It is time for the annual installment of the Devy 100, the third-most ballyhooed set of devy rankings completed within the greater Southwest Minneapolis area. As always, whittling this down to a mere one hundred was no simple task. If there is anybody you believe was omitted erroneously, feel free to pop in the comments and express your displeasure.
80. Greg Dortsch, WR Wake Forest Demon Deacons
Profile: Prior to having his redshirt freshman season truncated due to injury, Greg Dortsch was one of the nation’s most under-the-radar breakout stars. He Dortsched (patent pending) the ACC to the tune of 107.2 yards per game in league play, and his grand finale was a 167-yard, four-touchdown demolition of Louisville. His trademark explosion off the line allowed him to toy with defenders and create separation with ease. He routinely wins at the line of scrimmage, and while size will be the obvious black mark on his resume, he has elite feet and long speed, making him an intriguing prospect toiling in relative obscurity.
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2018 Outlook: Though they lose their starting quarterback, this should continue to be a very effective Wake Forest offense. Dortsch and fellow receiver Scotty Washington lead the charge in the passing game and a full season from Dortsch should have him eclipsing 1,000 yards. With a bit more exposure in the devy community this off-season, a monster campaign could cause his stock to skyrocket.
79. T.J. Pledger, RB Oklahoma Sooners
Profile: I can get pretty giddy about an elite pass-catching back signing on with one of the nation’s most wide-open and creative offensive schemes. A running back by trade, Pledger has excellent hands and is a smooth route-runner, portending a major role in the Sooner passing game before long. His stocky build allows him to run with ample power and he’s a gifted mover in tight spaces. There is a ton to like about Pledger’s game and its match with Lincoln Riley’s offense.
2018 Outlook: You could make a strong case Oklahoma has the nation’s best backfield. Both redshirt junior Rodney Anderson and rising sophomore Trey Sermon are elite backs. Redshirt freshman Kennedy Brooks – who missed 2017 due to injury – has also been lavished with praise this spring. It makes early opportunity for Pledger difficult to envision, though a versatile skill-set is always the best way to make an impression. We may have to wait until 2019 to get an extended look.
78. Mike Epstein, RB Illinois Fighting Illini
Profile: Were it not for a foot injury suffered mid-season, we may be much more familiar with Mike Epstein. The true freshman immediately became one of the Illini’s most explosive weapons and one of the B1G’s most promising young runners. Despite collecting only four receptions in his five games, Epstein is a natural receiver with excellent hands and nuanced routes. A slashing runner, Epstein is decisive and showcases excellent burst. While not a standout athlete, Epstein maximizes his talent and possesses an incredibly well-rounded skill-set.
2018 Outlook: Illinois is likely to feature Epstein in 2018, as despite missing seven games he led the Fighting Illini in rushing with a meager 346 yards. If Illinois can find any semblance of consistency under center and improve on the nation’s 126th-ranked offense, it could be a true breakout campaign for Epstein. He is unlikely to be owned in many leagues at this point and offers tremendous upside for the cost of a late-round pick.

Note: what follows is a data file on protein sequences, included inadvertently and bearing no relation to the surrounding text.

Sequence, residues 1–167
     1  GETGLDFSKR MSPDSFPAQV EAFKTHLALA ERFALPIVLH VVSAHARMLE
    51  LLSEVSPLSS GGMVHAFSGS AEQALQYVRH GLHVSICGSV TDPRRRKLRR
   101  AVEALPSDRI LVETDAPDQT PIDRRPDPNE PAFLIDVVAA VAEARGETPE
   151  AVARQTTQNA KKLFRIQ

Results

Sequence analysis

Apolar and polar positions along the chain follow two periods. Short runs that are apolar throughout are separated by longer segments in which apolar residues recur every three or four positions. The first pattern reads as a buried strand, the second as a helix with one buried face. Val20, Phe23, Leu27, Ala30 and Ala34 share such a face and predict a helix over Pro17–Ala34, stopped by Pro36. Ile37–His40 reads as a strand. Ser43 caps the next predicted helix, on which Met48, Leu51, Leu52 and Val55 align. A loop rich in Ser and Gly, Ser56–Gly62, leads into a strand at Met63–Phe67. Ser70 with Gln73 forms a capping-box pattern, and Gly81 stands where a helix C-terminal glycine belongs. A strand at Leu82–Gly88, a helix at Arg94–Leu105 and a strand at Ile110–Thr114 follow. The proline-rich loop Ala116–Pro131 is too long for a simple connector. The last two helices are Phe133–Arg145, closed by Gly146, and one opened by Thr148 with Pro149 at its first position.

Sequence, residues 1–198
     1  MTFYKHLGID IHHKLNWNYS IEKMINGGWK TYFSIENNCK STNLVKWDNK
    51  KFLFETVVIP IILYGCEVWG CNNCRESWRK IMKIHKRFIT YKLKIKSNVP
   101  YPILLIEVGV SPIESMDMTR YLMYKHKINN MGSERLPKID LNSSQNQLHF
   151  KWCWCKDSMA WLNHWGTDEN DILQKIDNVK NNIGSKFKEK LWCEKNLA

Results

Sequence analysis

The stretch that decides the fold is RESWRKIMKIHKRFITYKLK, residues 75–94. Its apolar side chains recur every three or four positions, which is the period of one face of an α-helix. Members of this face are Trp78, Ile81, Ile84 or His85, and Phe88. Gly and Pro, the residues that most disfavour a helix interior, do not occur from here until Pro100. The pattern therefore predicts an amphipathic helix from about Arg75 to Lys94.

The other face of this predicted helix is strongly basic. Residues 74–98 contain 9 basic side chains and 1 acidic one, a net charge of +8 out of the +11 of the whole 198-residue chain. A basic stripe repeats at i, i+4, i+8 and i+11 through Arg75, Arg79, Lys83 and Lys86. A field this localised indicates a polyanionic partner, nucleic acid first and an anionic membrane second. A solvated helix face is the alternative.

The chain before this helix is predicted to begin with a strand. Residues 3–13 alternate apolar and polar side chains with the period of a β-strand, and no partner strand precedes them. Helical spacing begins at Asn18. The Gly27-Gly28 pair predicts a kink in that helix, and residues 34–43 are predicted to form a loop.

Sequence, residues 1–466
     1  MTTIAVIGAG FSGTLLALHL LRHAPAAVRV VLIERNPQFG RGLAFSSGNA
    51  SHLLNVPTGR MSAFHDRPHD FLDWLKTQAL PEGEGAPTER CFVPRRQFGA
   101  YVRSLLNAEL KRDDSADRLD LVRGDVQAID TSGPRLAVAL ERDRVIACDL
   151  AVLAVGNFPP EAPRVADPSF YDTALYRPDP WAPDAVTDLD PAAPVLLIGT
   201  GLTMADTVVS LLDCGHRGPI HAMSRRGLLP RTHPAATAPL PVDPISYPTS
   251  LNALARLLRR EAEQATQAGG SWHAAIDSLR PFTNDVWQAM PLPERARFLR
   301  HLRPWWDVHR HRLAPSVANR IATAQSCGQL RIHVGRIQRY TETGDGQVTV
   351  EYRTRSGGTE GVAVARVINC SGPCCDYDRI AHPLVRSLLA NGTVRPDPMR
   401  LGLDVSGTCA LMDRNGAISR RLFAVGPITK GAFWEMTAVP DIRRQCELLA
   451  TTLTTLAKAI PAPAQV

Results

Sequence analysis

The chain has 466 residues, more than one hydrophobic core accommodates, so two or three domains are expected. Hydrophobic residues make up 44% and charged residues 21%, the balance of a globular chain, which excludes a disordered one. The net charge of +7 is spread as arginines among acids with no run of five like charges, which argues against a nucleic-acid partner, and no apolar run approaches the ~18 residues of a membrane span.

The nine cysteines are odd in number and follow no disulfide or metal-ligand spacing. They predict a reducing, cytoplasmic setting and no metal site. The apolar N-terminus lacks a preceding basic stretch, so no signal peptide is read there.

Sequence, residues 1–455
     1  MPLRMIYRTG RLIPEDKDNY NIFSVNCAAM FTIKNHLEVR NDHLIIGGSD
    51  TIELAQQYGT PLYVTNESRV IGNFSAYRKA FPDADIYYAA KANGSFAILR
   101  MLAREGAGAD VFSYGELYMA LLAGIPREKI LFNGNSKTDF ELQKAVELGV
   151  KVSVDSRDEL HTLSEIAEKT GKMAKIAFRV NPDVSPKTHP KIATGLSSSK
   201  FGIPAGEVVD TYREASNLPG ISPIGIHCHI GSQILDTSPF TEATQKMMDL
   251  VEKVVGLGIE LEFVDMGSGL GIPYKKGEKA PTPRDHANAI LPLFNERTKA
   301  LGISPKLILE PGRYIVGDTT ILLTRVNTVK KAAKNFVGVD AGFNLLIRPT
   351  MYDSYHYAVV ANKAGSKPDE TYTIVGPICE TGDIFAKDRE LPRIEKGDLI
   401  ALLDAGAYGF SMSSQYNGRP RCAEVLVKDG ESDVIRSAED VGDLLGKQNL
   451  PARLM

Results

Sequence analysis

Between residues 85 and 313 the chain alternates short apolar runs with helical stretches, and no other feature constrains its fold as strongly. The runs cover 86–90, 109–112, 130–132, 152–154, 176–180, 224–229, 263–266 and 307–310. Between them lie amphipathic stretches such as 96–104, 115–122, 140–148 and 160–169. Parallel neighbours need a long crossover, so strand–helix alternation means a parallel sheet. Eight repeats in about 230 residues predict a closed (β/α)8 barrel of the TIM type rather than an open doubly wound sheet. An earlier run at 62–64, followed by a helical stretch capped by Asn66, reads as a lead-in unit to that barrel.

77. Michael Carter, RB North Carolina Tar Heels
Profile: An elite performer in a talent-rich state, Michael Carter still was a bit overlooked as a recruit, partly due to his location in the Panhandle and partly due to his size. He quickly erased any doubts he could compete at a high level, shining in the opener against Cal and operating as a versatile weapon for a rebuilding Tar Heels squad. With compact and powerful strides, Carter has the requisite tools to be effective between the tackles and really shines in the passing game, where his shiftiness is on full display. Lauded for his work ethic, Carter’s game should only take off as his body continues to mature.
2018 Outlook: There is ample opportunity to become the feature player in North Carolina’s offense. Anthony Ratliff-Williams returns on the perimeter and is complemented by incoming freshman Jordyn Adams, but neither has the potential to impact the offense like an all-purpose back. Jordon Brown returns to a prominent role in the backfield but he may not have the talent to hold off Carter for long, as the rising sophomore adds a unique element to the mix.
76. Jake Fromm, QB Georgia Bulldogs
Profile: His freshman counterpart at quarterback stole the show in the National Title game, though it was Jake Fromm who had everybody buzzing early. Fromm took over for an injured Jacob Eason early in the year and never relinquished the starting job, proving a steady presence for a run-heavy Georgia offense. What Fromm lacks in arm talent he makes up for with poise, touch, and leadership in spades. His physical tools are certainly not lacking; they’re just not the hallmark of his game. He’s one of the more promising quarterback prospects in all of college football.
2018 Outlook: Fromm’s reward for leading Georgia to within seconds of a national title is to enter a camp battle with incoming freshman Phenom Justin Fields. While Fromm figures to enter 2018 as the clear starter, Fields should see the field in certain packages and has the type of otherworldly talent to really push Fromm if he falters. However, competition should only push Fromm to be better, and he has the disposition to handle the situation with grace and aplomb. He has a chance to add real panache to his devy profile if the Georgia staff takes the kid gloves off in 2018.